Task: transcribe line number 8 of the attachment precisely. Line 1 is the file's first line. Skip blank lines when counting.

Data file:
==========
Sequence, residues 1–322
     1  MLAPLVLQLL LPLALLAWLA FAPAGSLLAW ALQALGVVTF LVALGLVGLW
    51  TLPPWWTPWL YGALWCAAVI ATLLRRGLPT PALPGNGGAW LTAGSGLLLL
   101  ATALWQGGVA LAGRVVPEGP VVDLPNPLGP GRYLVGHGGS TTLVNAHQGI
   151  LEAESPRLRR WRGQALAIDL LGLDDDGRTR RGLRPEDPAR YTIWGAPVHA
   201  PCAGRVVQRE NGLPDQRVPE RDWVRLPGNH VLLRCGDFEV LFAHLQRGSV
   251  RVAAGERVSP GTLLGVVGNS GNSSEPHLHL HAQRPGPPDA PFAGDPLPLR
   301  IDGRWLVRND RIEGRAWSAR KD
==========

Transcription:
   301  IDGRWLVRND RIEGRAWSAR KD